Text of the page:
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WoW Twitch Streamers Speak Out On Activision Blizzard Sexual Harassment Suit

Asmongold, Naguura, and Towelliee, among others, reckon with dev's alleged harassment culture

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World of Warcraft characters of various races standing in a dark dungeon.
Screenshot: Blizzard

Late Wednesday it emerged that Activision Blizzard is being sued by the California Department of Fair Employment and Housing over a toxic workplace culture that’s allegedly led to years of harassment and abuse targeting women. Later in the week, a number of popular World of Warcraft streamers have publicly commented on the emerging lawsuit. Many others remain silent.

Content warning: Sexual harassment

The initial Bloomberg story showed that on July 20, after a two-year investigation by the CDFEH, the department filed a lawsuit against the Call of Duty, Overwatch, and Diablo publisher to force it to comply with California workplace laws and regulations. The suit contains allegations of some truly awful offenses committed by men at the company, including “constant” sexual harassment, frequent groping, and other examples of truly horrible behavior. In addition, it describes an institutional lack of help or support for the victims from management or higher-ups.


Since the story broke, fallout has been widespread, with developers and creators across Twitter and other social media sharing their disappointment, shock, and in some cases personal stories about harassment and toxic behavior they experienced while working in the game industry.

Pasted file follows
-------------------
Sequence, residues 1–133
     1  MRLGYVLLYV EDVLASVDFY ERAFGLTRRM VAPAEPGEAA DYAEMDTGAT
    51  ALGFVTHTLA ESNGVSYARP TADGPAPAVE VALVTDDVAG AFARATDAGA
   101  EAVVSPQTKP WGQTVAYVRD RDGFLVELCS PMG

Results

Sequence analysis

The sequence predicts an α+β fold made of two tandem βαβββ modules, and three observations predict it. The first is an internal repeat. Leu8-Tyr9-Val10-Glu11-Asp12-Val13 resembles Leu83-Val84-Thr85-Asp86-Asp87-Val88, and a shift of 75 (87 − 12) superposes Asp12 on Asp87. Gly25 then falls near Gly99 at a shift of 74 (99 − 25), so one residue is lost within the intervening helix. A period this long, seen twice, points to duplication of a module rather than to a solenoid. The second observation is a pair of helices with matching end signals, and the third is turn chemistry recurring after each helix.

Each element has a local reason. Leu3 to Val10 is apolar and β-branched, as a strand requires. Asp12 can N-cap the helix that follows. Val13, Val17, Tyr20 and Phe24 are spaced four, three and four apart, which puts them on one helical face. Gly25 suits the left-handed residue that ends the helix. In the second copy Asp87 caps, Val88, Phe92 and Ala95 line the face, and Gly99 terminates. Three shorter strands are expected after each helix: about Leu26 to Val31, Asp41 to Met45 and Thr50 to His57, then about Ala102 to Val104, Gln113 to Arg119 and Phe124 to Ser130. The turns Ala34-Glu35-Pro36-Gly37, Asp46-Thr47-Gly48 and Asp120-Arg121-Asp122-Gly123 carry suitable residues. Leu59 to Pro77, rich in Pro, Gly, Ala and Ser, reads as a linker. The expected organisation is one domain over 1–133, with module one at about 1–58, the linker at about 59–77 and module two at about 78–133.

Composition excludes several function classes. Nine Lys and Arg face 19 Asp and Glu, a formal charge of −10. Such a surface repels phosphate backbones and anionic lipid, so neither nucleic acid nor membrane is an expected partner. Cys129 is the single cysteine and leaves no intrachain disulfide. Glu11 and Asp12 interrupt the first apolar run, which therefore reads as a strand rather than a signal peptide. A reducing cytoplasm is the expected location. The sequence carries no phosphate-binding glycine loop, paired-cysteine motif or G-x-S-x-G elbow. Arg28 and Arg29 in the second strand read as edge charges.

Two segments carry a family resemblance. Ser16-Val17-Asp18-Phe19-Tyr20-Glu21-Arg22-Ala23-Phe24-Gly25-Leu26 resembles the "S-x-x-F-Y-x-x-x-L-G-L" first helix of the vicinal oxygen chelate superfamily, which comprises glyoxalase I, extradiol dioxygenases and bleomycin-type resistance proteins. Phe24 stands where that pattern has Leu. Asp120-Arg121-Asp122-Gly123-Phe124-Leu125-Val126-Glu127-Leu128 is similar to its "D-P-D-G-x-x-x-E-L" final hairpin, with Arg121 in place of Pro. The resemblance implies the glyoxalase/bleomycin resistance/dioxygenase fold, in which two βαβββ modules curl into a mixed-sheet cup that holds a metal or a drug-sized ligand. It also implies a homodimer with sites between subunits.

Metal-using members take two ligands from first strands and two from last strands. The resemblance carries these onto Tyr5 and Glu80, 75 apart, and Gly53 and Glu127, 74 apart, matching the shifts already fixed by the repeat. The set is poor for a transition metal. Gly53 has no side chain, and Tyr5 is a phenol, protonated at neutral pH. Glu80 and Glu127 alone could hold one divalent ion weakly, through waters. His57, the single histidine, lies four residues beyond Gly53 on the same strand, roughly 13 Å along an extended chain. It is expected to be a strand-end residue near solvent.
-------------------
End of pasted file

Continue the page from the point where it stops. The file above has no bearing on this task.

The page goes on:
Read More: Blizzard Boss Accused Of Failing To Address Sexual Harassment Calls New Allegations ‘Troubling’


Some of the most popular World of Warcraft streamers explained how disappointed and sad they were to hear the news. Top WoW Twitch streamer Asmongold, in a public statement shared on Twitter, said he was “hurt” by the news as a longtime fan of the publisher.

“Shameful to hear about what’s been reportedly going on at Blizzard,” Asmongold wrote. “As a 20+ year fan it really hurts to see how things have devolved in such an awful way. Just makes me sad.”

He followed this statement up with a video on July 23. In the Twitter video, he explained that devs at Blizzard shouldn’t be harassed by players online over the details of the lawsuit. He also said it wasn’t fair for people to ask streamers who only played World of Warcraft to stop playing the game.


“If they go to another game, their stream is going to be fucking dead. You know it, I know, everybody fucking knows it.” Asmongold said. “I don’t think it’s fair to ask or expect someone to throw away their career because of something they had nothing to fucking do with.”

Naguura, a Twitch streamer who frequently plays World of Warcraft and has over 260k followers on the platform, said she was saddened by the “disgusting behavior” in a Tweet sharing an article covering the lawsuit. She also criticized the publisher’s statement.


“It’s so sad to read through all of this and knowing that it has been going on for years and years probably,” Naguura wrote, “Just absolutely disgusting behavior and seemingly so many higher-ups just ‘let it happen’. And this statement just isn’t it either.”